Henry Allan Gleason was an American botanist, plant geographer, and plant ecologist who lived from January 2, 1882 until April 12, 1975. Gleason was born in Dalton City, Il.. He began his studies at the age of 13 and published his first contribution in The American Naturalist while still in high school. He received his B.S. and M. A. from the University of Illinois. After a year of fellowship with the University of Ohio and a summer as the zoologist of invertebrates on a survey of Isle Royale, Gleason began his studies in taxonomy under Nathaniel Lord Britton at Columbia University, graduating with a Ph.D. in 1906.
Gleason taught at the University of Illinois and the University of Michigan, studied tropical vegetation for one year and delivered a lecture to the Torrey Botanical Club. After the talk, Nathaniel Lord Britton offered Gleason a permanent position at the New York Botanical Garden.
In his 30 years with the New York Botanical Garden, Gleason served in a variety of capacities including curator, head curator, and assistant director. He was acting director for 19 months between 1936 and 1938. Gleason served at various times as editor of the Garden Journal, Addisonia, and the Bulletin. He edited revised and expanded editions of the North American Flora and Plants of the Vicinity of New York.
One of the first ecologist, he considered his idea that “The combination of morphological and geographical evidence can be of greatest service in developing the phylogeny and history of a group of plants.”was his primary theoretical contribution. He is identified with the individualistic concept of plant association, which has had strong influence on both ecological and geographical studies of vegetation.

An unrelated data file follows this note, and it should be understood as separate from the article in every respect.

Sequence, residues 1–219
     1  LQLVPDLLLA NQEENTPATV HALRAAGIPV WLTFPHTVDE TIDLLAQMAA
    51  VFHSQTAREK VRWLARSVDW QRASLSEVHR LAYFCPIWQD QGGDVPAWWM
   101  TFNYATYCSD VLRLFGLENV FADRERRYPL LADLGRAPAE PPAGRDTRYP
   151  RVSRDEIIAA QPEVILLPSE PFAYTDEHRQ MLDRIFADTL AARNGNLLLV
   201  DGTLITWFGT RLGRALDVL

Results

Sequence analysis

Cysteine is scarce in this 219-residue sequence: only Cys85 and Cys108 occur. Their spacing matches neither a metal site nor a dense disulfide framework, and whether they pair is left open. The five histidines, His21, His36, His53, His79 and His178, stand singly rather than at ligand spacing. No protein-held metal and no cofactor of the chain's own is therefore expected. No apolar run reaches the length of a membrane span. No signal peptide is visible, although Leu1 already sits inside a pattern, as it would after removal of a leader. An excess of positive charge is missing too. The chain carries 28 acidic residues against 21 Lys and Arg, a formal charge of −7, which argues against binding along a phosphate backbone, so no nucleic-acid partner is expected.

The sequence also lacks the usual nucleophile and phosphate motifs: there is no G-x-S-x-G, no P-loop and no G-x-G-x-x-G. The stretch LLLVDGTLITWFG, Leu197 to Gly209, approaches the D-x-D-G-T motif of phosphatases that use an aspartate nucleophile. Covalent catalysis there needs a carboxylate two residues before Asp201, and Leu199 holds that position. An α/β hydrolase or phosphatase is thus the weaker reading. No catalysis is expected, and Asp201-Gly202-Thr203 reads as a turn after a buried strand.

Gleason’s diaries contain pages that pertain to his field trips to what is now the Henry Allan Gleason Nature Preserve located in the southwestern portion of the forest. The pages describe trips made in 1904, 1910, 1962, and 1966. Gleason referred to the area as “Devil’s Neck,” or Devil’s Tower.” In 1910, a major article entitled, The Vegetation of the Inland Sand Deposits of Illinois was published in the Illinois State Laboratory of Natural History Bulletin. In that article and in his diaries he describes the plants that are unique to the area.
Gleason was still alive when the Illinois Nature Preserves Commission dedicated the Henry Allan Gleason Memorial Nature Preserve. The dedication letter is dated January 25, 1971. The area known locally as Devil’s Neck was the site where much of Gleason’s early work and research occurred here in Illinois. This research lead Gleason to form his individualistic concept of the plant association theory. The article was published in the Torry Botanical Club Bulletin, 53:7-26.
For further information about Gleason go to web page, http://www.nybg.org/bsci/libr/glearec.htm
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